Popham gives more attention than Ibrahim to the atrocities carried out by Muslims in Arakan. When Japan invaded Burma in 1942, the British armed its Christian allies on the country’s eastern and northern borders, and then, in Arakan, supplied weapons primarily to the Muslims Popham describes as ‘Chittagonians’ – from the area around Chittagong (now in Bangladesh). Drafted into a reconnaissance and intelligence-gathering unit, they proceeded to destroy Buddhist monasteries, and laid waste to Arakanese villages, killing their inhabitants. By the time Japan withdrew in 1945, Arakan was split between a Muslim north and a Buddhist south. Alarmed at the prospect of having to live under Burmese rule after independence, Muslims petitioned unsuccessfully for northern Arakan to be incorporated into East Pakistan.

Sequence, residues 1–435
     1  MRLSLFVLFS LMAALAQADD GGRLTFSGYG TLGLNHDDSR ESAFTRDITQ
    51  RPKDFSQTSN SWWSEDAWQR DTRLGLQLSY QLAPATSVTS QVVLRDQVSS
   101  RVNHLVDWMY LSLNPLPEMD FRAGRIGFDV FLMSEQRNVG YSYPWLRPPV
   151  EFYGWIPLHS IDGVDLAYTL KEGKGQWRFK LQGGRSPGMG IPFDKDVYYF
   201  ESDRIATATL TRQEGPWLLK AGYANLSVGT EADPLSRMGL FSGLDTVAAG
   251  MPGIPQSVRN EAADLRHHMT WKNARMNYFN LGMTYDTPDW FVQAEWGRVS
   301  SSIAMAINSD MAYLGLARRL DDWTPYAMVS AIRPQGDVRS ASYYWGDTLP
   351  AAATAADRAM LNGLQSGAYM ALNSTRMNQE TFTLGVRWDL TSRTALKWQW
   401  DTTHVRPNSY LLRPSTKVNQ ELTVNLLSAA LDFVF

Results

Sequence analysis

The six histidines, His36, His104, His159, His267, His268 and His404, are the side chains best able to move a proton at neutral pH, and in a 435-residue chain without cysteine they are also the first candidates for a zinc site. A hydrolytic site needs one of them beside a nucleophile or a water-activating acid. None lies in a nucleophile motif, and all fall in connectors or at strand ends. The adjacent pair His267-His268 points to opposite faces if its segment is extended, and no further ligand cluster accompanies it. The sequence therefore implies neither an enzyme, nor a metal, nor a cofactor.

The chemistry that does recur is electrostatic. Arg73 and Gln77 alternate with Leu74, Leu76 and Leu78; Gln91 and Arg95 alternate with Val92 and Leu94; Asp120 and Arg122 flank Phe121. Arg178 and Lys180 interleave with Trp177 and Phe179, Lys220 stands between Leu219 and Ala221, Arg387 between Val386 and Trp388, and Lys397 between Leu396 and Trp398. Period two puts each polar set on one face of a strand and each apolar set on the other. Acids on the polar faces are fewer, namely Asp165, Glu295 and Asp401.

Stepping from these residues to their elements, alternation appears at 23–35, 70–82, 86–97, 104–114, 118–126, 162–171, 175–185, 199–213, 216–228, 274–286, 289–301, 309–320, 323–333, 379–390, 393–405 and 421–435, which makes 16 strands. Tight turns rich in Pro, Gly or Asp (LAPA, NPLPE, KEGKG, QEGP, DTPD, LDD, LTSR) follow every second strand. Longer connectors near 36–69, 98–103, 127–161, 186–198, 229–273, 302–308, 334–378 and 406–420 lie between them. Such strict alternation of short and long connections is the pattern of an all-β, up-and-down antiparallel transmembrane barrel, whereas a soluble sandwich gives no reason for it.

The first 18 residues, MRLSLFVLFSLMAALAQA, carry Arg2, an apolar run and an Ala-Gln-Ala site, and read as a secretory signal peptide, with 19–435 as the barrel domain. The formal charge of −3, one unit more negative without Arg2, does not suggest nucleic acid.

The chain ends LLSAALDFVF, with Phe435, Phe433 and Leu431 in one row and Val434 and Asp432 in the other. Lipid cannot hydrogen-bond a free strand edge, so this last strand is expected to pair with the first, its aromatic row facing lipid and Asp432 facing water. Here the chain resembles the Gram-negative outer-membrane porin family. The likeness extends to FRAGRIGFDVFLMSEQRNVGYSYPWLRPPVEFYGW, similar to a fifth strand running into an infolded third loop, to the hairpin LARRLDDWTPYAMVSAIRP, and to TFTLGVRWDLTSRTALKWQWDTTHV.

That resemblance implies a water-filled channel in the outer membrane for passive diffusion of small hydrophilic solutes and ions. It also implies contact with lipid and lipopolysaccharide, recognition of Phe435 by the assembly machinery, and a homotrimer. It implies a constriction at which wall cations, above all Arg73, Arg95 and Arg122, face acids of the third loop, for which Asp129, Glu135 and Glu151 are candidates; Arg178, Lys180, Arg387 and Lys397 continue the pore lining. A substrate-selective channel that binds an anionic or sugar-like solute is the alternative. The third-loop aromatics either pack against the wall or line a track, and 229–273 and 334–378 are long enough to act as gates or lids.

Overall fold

By the 1950s, the Rohingyas were acknowledged as an ethnic group. The 1961 census, which referred to them by name, seemed to indicate attempts at integration. This changed with Ne Win’s coup a year later, and the beginning of military rule. As in Indonesia, Pakistan and Thailand, Burma’s generals saw themselves as the guardians of a union threatened by insurgencies in the resource-rich borderlands. Their vision of a self-supporting state, free from foreign intervention, was reified in the Burmese Road to Socialism, the blueprint for a command economy based on Buddhism, autarky and astrology that impoverished the country. The Rohingyas were ethnically identifiable, outnumbered by the Buddhist majority and easy to scapegoat. From the mid-1970s they were given Foreign Registration Cards instead of National Registration Certificates, and were ignored in censuses. Two hundred thousand of them fled to Bangladesh between February and May 1978 (proof, the authorities said, that they shouldn’t have been in Burma in the first place). New citizenship laws in the 1980s entrenched their status as foreigners, and in 1991-92 beatings, rapes, the use of forced labour and land seizures drove another 250,000 into Bangladesh. In the 2014 census, they were forced to choose between being described as ‘Bengali’, which carried the threat of deportation, or not being registered at all, which meant internment in a refugee camp. Amartya Sen has called the situation in Rakhine a ‘slow genocide’, while the Early Warning Project named Myanmar as the state where genocide was most likely to take place.